The Lido of Venice (also known simply Lido) is a thin long and narrow island that stretches for about 11 km between the Venice lagoon and the Adriatic Sea, bordered by the ports of San Nicolò and Malamocco, connected to the city and the mainland only through Vaporetti and motozattere to transport vehicles (ferry-boat). It is one of the few islands of the lagoon where there are road and is also a small touristic airport.
With the neighboring island of Pellestrina is a municipality in the municipality of Venice.
The name Lido refers, specifically, the main town, is distinct from other localities of the island and Malamocco Alberoni.
As well as being so close to Venice, the island of Lido has always proved a fundamental link in the long chain of inlands dividing the sea from the lagoon: being a narrow strip of land squeezed between two different water systems with their temperature differences means that Lido's air is never still, but constantly moving in a light breeze -making the island excellent as a salubrious place to stay.
There is a wealth of plant life and greenery on Lido which, despite urban encroachments in recent decades, still clearly prevails over the concrete and asphalt. One can see why it became a favourite resort for those intent on reinvigorating body and mind. During his sojourns in Venice in the 1820s, Lord Byron would come to the Lido as often as possible: in the day he would take a horse and ride the length of the isle, to then while away the evening at San Nicoletto. moved by the sun setting over the lagoon - just as many other poets and writers have done over the centuries.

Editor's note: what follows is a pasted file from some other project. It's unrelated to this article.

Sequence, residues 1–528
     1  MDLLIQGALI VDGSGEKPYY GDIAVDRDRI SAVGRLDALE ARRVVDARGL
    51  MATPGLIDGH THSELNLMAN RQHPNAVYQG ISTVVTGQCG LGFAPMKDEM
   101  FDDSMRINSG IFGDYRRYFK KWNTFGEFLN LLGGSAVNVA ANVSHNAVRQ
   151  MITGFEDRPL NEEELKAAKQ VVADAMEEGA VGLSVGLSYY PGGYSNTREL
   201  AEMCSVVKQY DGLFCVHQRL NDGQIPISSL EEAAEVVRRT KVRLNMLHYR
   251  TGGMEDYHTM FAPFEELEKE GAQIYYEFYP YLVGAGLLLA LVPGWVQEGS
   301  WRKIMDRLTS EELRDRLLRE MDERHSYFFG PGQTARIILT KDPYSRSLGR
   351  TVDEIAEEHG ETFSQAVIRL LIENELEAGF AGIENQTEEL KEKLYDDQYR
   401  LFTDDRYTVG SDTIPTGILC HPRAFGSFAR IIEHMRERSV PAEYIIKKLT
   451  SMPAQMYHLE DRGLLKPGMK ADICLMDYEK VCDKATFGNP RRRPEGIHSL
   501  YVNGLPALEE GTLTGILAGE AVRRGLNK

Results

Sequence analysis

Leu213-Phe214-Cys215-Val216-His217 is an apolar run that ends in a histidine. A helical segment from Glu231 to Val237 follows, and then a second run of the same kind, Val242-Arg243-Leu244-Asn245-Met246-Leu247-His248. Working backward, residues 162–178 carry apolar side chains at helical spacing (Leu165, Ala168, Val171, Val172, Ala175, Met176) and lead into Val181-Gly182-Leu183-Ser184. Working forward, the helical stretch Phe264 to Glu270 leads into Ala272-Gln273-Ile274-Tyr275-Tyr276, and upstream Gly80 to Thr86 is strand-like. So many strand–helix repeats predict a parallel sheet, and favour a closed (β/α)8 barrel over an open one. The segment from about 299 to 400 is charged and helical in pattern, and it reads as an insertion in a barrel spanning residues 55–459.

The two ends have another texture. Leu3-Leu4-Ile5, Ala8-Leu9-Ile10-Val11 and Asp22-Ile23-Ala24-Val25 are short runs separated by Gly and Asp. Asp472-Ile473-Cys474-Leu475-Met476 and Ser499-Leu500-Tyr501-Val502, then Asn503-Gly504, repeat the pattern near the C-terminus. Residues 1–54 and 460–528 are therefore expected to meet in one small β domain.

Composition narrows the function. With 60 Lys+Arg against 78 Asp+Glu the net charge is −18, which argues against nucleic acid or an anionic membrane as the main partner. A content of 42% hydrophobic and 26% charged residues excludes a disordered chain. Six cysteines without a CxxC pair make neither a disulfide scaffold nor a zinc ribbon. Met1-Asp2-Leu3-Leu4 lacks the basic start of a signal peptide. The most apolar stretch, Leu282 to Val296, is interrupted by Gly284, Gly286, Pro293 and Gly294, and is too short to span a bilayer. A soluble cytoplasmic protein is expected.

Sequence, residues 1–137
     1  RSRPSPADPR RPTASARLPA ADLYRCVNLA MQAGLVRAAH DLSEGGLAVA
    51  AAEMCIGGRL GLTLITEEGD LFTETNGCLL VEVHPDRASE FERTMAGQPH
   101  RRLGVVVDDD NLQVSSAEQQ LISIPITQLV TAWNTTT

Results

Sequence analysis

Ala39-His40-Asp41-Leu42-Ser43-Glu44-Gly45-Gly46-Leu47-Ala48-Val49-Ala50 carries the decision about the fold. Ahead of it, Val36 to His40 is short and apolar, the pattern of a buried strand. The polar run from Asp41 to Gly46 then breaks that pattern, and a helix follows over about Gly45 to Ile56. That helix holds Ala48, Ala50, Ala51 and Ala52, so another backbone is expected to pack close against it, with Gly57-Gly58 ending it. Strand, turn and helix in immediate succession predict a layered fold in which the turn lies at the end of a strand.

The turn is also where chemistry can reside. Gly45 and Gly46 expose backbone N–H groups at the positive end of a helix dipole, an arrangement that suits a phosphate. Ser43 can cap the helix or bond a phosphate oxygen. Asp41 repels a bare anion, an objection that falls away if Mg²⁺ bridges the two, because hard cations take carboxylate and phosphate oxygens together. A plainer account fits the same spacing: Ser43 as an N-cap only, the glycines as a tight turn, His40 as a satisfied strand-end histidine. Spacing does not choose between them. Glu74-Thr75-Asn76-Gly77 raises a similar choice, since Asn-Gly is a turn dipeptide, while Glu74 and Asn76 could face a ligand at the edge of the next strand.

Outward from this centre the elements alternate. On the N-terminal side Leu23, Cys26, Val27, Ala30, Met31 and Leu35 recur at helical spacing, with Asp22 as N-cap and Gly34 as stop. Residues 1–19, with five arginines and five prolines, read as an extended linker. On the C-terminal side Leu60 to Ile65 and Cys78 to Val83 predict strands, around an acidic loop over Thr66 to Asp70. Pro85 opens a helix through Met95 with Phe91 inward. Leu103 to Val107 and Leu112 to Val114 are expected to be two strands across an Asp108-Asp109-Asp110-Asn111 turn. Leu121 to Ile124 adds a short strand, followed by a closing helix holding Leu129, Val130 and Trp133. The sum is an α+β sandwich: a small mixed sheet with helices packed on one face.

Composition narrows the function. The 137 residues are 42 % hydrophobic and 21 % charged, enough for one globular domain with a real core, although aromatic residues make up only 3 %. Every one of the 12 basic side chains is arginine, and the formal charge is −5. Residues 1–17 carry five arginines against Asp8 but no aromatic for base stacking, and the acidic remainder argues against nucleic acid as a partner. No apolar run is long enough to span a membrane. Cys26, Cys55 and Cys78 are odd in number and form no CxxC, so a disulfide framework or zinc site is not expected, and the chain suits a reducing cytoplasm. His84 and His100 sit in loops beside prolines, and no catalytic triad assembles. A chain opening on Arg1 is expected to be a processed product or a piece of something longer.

History tells us that wealthy aristocratic Venetian families chose Lido as their "place of delights". The building in the colour photograph - which today, like many other hotels, is a jewel in leafy surroundings - is an example of the evolution of the quadrilateral construction sketched in the lower part of the 16th century plan (centre), and similar to the one which the noble Pisani family had built in 1573. They commissioned two of the most famous architects of the time: Andrea Palladio and Antonio Da Ponte, and still today the building remains a monument to the consistently peaceful atmosphere on the island.
From the end of the 18th century the site of the Casino Pisani began to be called Quattro Fontane" -the Four Springs - after the four large natural rainwater reservoirs discovered under the high dunes near the sea. These wells were later exploited for military reasons as part Venice's defence system, a simple episode indicative of the strong tie that has always existed between the island and the city.